Amber: Yeah, so when I’d been at CJE for about nine years, I started thinking that there was a bigger opportunity to bring strategy to technology across the industry. So I had this idea to create a company to do that, and I wasn’t really sure how to actually get that started. So I started telling everybody I knew about my idea and through that process, I was introduced to Bill Lowe, who’s the CEO of Chicago Methodist Senior Services. And he came up with this idea to create a client when a model. So he said, why don’t we get some providers together who are going to need technology. Every senior living community needs technology. So why not own a piece of that and use it as a vertical integration strategy and also provide excellent technology services to ourselves. So through that process, we had many potential investors and I talked to all of them and they were pretty much single-site, a not-for-profit life plan community for the most part.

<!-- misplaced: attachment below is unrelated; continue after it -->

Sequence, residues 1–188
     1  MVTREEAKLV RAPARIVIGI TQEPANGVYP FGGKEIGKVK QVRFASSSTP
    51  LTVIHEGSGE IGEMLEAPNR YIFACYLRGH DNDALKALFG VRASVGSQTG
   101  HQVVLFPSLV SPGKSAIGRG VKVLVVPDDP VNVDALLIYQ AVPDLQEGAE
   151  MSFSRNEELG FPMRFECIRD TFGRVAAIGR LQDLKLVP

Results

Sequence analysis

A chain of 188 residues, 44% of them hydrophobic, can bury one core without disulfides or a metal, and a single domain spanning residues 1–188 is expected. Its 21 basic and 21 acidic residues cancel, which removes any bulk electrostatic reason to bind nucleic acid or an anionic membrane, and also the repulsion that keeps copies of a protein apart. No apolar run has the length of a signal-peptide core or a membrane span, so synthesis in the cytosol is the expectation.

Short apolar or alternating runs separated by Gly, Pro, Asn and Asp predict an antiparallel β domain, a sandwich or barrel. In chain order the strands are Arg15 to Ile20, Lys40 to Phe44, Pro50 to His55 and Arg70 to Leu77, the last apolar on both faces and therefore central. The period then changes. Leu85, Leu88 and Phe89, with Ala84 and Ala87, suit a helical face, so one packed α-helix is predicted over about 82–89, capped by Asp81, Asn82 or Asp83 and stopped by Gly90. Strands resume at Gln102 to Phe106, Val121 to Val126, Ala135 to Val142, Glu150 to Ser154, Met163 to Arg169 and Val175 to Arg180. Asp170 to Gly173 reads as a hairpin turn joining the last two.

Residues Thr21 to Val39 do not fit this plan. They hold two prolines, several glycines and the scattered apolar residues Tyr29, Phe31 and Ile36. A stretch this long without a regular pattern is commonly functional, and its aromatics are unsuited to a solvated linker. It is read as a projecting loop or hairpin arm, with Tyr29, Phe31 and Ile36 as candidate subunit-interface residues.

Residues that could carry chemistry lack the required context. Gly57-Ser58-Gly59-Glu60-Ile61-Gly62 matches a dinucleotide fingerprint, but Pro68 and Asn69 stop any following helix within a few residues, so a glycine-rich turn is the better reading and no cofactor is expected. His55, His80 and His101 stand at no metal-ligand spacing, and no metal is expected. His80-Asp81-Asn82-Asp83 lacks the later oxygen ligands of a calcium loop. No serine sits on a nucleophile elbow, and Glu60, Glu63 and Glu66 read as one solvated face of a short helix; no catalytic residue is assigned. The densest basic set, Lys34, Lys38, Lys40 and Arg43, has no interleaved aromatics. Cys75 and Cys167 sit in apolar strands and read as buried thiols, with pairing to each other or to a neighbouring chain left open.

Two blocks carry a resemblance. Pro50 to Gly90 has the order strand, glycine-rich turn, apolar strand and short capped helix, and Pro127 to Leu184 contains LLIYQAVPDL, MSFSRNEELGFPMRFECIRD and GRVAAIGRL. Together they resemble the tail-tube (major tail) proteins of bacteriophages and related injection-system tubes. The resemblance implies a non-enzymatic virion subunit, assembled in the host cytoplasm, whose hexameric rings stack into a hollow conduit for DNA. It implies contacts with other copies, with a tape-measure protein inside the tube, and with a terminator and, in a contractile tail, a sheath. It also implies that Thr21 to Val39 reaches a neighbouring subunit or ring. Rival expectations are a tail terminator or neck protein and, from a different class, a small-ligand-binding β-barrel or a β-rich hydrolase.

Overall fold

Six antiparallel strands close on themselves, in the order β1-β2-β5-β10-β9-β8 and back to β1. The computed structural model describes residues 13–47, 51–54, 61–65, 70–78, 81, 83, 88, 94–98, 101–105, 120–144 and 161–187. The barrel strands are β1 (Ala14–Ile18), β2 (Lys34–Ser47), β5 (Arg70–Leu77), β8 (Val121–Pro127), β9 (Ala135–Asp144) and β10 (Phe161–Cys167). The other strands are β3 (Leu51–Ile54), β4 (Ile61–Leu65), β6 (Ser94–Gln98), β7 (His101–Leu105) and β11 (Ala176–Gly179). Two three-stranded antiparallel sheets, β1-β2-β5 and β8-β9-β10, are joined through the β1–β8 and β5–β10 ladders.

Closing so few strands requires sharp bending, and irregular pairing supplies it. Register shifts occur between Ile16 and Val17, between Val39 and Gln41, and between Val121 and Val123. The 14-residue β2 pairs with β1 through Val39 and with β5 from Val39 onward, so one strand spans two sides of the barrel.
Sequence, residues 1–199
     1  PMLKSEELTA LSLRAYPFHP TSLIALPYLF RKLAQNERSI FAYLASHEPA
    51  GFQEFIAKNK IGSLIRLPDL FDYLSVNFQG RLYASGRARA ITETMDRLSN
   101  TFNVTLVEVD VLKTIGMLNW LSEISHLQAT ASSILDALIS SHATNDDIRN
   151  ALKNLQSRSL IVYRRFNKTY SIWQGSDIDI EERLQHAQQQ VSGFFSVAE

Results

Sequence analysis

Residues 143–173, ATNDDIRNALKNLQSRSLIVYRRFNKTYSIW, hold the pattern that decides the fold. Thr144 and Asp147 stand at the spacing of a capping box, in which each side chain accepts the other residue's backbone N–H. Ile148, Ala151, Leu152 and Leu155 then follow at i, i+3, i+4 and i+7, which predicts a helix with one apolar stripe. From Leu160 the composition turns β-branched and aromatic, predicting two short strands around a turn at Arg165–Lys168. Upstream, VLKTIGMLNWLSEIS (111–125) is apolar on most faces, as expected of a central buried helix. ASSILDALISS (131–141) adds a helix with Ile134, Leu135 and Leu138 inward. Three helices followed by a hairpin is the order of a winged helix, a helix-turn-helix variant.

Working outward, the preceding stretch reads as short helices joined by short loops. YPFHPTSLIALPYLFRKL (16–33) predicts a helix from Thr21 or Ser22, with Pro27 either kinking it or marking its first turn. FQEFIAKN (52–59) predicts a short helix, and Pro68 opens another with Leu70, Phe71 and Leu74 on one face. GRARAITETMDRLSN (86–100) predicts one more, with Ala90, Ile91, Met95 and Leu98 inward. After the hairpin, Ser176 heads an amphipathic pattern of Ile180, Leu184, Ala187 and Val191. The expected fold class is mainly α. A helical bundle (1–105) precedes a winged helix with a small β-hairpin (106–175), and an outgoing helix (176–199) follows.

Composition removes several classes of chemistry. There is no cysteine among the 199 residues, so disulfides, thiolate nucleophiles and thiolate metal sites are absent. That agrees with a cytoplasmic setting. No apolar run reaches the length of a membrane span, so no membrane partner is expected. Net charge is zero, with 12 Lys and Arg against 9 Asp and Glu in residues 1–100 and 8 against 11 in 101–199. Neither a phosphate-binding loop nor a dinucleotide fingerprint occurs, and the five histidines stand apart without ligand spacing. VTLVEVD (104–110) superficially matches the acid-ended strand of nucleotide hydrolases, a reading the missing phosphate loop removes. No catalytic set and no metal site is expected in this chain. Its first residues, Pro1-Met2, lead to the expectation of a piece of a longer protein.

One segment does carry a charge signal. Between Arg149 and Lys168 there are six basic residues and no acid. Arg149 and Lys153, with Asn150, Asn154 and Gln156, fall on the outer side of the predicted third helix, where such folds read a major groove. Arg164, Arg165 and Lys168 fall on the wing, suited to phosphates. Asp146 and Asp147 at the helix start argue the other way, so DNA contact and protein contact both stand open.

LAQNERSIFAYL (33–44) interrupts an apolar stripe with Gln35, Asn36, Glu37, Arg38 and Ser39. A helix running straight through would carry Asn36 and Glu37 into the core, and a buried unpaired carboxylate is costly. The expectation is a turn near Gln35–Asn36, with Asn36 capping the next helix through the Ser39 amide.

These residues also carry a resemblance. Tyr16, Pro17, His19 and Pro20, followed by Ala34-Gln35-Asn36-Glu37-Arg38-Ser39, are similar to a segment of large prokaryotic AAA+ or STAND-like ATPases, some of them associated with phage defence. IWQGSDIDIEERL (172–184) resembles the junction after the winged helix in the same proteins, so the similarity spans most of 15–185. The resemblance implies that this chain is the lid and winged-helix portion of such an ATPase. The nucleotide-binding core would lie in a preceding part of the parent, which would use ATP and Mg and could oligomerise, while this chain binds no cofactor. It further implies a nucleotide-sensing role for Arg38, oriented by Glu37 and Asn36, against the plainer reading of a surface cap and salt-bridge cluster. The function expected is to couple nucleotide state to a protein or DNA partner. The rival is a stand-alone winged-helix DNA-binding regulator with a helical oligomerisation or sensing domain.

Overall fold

And when I asked them, what do you not have? So what is your solution for technology not meeting regardless of what that solution is? And the number one thing I heard was strategy. You know, they would say, well, my CFO was making decisions, or like he said, we just have a line item in the budget for IT, but we really don’t know what our priorities are, what we should be focusing on and we cannot afford a CIO. So from those conversations, we created a business model where we always start with strategy and a roadmap. And what that is is it’s composed of a couple of different parts. So it’s interviews with the staff at all different levels to understand from their point of view, what are the pain points with technology? It’s a full security network systems, hardware, software review. And then the output is a roadmap, which is very specific, which gives you exactly what you should be doing from a technology project perspective with estimated capital costs, estimated operational costs, and then more in depth analysis that there’s a decision such as changing an EMR. And what’s so powerful about that roadmap is it encompasses all levels of technology. So business systems, optimizations, possibly changing vendors for something like print services, low-voltage systems and then of course your IT systems. So that the provider is given an actual roadmap that you can execute on that’s very specific and has priorities organized.